Lists Home |
Date Index |
- From: Sean McGrath <email@example.com>
- To: firstname.lastname@example.org
- Date: Sun, 28 Nov 1999 09:49:29 +0000
>The value of the nameless attribute (the "tag name" or "generic
>identifier") is only minimally constrained; it can be can be almost
>any token, and its value can be used for any application-defined
"Minimially constrained" in Unicode-land is a lot more resource
intensive to police than "minimally constrined" in 7 bit ASCII
land. (But that is beside the point.)
>Therefore, if anyone thinks SML can be made to work entirely without
>attributes, they should think again.
"Therefore"? A non-sequiter surely?
>Attributes are of the essence of
>markup, and you can't get rid of them entirely. Since we can't get
>rid of them entirely, where should SML draw the line, and why?
Mu. I reject the premise of the question. You have not established
a case for retention of attributes yet you are proceeding to
discuss questions that presuppose you have established a case.
>Personally, I'm not easily persuaded that parsing an "=" sign is so
>very difficult that it deserves to be discarded in the name of
Parsing the "=" sign has nothing to do with it. The problem is
that attribute value literals are second class citizens. As
containers for data they are constrained to carrier bag of
character data and entity references.
>If you really want simplicity, why not make *all* the attribute names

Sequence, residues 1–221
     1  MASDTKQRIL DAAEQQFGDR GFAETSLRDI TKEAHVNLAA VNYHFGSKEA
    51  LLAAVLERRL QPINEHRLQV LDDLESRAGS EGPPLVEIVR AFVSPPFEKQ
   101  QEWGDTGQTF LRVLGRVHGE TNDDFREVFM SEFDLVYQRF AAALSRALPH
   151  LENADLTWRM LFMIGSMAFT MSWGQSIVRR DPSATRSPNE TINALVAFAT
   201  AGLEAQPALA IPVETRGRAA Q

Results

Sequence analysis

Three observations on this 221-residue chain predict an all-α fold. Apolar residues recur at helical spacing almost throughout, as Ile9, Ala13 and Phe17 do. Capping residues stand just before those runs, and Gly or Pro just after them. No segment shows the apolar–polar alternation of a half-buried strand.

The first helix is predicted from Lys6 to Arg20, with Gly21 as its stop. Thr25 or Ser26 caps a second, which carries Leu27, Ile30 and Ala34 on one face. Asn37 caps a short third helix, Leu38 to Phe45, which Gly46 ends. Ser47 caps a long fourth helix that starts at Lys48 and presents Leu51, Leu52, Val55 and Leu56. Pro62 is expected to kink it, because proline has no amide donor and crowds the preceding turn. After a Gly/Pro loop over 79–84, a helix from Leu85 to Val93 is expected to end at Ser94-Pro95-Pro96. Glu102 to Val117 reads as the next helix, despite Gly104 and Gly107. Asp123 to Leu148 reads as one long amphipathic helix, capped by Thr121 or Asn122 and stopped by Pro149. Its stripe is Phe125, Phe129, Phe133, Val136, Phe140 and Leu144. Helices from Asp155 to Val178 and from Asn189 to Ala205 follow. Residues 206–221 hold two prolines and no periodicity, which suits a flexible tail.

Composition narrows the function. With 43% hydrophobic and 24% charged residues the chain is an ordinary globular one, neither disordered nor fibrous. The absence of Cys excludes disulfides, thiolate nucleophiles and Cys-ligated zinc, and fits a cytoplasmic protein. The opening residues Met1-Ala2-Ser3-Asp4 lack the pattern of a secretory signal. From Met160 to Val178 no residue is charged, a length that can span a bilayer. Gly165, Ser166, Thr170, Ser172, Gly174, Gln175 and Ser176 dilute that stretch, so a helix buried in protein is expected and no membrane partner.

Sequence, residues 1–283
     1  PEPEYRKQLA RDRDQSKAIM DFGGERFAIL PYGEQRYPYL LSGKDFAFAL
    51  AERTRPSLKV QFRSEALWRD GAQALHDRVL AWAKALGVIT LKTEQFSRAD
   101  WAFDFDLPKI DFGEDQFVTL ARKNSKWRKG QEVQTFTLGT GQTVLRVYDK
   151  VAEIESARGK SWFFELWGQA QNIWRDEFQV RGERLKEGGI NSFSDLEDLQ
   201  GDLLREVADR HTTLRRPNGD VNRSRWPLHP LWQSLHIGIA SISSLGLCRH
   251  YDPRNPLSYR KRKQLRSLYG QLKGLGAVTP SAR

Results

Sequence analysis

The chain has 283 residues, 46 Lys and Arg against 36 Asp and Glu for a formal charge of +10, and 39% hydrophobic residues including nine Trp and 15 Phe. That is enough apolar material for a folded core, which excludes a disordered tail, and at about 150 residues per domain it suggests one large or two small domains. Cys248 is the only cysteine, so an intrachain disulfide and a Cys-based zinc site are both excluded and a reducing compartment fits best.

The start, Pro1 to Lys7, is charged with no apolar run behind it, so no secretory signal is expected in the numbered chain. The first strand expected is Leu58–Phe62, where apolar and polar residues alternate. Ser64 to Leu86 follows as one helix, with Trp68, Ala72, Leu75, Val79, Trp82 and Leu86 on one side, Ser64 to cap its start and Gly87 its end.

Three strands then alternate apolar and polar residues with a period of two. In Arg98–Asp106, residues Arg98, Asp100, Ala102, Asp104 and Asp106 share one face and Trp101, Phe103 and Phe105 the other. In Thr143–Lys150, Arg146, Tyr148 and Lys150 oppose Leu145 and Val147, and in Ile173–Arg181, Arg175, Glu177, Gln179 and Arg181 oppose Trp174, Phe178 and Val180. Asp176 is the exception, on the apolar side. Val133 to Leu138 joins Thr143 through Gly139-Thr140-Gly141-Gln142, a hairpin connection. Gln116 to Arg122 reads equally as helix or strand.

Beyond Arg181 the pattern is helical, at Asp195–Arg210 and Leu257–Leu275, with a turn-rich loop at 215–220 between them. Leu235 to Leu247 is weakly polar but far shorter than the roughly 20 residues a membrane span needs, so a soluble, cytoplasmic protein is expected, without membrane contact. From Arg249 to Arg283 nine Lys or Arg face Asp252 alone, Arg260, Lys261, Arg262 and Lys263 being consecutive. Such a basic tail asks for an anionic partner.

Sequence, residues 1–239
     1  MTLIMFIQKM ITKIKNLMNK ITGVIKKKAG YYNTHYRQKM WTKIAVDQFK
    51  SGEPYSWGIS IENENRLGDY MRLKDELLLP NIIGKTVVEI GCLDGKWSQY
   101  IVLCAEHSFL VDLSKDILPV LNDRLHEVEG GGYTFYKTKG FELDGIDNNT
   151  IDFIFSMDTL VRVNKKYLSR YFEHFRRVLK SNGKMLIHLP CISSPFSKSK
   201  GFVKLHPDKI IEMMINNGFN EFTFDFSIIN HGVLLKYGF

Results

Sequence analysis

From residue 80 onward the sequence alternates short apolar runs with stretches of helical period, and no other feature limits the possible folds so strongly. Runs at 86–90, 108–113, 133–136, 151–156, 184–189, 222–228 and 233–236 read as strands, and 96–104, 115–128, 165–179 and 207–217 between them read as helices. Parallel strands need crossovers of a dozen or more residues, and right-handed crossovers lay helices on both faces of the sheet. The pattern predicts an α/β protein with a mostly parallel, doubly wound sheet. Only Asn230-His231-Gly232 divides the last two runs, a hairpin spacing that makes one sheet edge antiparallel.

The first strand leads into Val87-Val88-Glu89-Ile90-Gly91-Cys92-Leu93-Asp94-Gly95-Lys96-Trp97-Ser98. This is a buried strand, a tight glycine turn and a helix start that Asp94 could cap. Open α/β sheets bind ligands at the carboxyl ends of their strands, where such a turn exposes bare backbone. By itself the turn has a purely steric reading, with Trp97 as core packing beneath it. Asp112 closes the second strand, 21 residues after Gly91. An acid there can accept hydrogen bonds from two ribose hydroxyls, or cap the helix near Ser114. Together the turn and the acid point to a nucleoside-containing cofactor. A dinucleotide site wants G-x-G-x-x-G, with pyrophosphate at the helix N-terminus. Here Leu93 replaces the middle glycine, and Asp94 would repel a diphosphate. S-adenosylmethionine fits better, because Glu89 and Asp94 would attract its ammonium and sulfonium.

>explicit, instead of exempting only the generic identifier ("GI").
Turn it around for a moment. Think of it this way:
1) elements are elements
2) attribute values are kinda-sort elements except that they
are constrained in various ways.
1) Make all attributes elements
Expressive power lost = 0
> <z id="z1">
>I mean, for example:
> <sml:GI="z"> instead of <z>
>Then it's simpler to process:
> <sml:GI="z" id="z1">
>than it is to process:
> <z id="z1">
> ...because everything that's space-delimited in a start tag is parsed
>in exactly the same way. Furthermore, we no longer care about the
>placement, within the start tag, of the generic identifier, because
> <id="z1" sml:GI="z">Hello, simple world!</sgml:GI="z">
>can be a perfectly valid start tag for a z element. That's simpler,
Developers Day co-Chair WWW9, April 2000, Amsterdam
xml-dev: A list for W3C XML Developers. To post, mailto:email@example.com
Archived as: http://www.lists.ic.ac.uk/hypermail/xml-dev/ and on CD-ROM/ISBN 981-02-3594-1
To unsubscribe, mailto:firstname.lastname@example.org the following message;
To subscribe to the digests, mailto:email@example.com the following message;
List coordinator, Henry Rzepa (mailto:firstname.lastname@example.org)